Schillerpromenade 4, 12049 Berlin
Exhibition: E to the power of 6
by Johan Eriksson and Mattias Larson
Thursday 12th September 7pm: Opening
Friday 13th September 7pm: Artist Talk & Soup
Saturday 14th September 8pm: Concert by Hybris Healers
Drawn fictitious urban maps on recycled envelopes by Johan Eriksson and a model of sustainable development, built on site with household waste by Mattias Larson.
Johan Eriksson about his art: ”I designed my first mapas a five-year-old. The inspiration for drawing ones own urban landscapes came from an interest in Stockholm’s buildings, traffic and rail-related public transport and also how this is depicted in maps and city plans. Eventually I discovered more of the outside world and other major cities such as. Beijing, Berlin, Pittsburgh and others. During the 1990s, I started a correspondence with various traffic companies around the world regarding modern tram traffic in Stockholm.
Some of the envelopes I work with come from these traffic companies, others are from friends who send me letters from different countries. Different sorts of stamps, addresses on or a fold in the envelope form the conditions I must relate to. I see a possible picture in the relationships between these, how the cities are built in relation to an imaginary topography and cultural monuments. The cities I draw are fictional, but are still quite realistic. Cities have their built-in restrictions.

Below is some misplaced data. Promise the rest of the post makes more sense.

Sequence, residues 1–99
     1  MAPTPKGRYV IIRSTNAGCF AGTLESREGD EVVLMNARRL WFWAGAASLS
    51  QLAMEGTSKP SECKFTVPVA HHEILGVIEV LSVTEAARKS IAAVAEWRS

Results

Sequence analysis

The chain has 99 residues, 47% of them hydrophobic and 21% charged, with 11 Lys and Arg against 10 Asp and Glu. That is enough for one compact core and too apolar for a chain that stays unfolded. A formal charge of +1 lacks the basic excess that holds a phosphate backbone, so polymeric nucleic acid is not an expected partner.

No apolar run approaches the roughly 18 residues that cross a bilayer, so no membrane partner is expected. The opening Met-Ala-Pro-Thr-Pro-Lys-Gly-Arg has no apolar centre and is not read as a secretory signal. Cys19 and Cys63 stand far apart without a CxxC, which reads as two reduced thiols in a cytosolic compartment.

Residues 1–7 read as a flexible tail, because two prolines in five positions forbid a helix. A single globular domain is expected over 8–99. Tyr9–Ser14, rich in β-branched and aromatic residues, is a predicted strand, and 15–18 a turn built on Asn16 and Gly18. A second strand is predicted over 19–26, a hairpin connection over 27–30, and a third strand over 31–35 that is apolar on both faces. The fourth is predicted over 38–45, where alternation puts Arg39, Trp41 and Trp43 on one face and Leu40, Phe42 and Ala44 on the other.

All the maps are cut-outs from larger-conceived cities that are to function as if realistic. These compositions can nevertheless express or be perceived as patterns, images or films…”
Mattias Larson: ”I´m building a model tram line that curves through a collection of garbage bags filled with household waste consisting of packaging in plastic, paper and metal.
The garbage has been processed and placed so that they form a futuristic urban environment that can be seen from the inside through a camera, mounted in the tram.
The image from the camera is transmitted wirelessly to a computer and is projected onto a screen in the gallery and can also be viewed via a streaming link on the Internet.
The installation has a rubbish exterior which, more closely, proposes an optimistic belief in the future based on existing renewable energy technology.”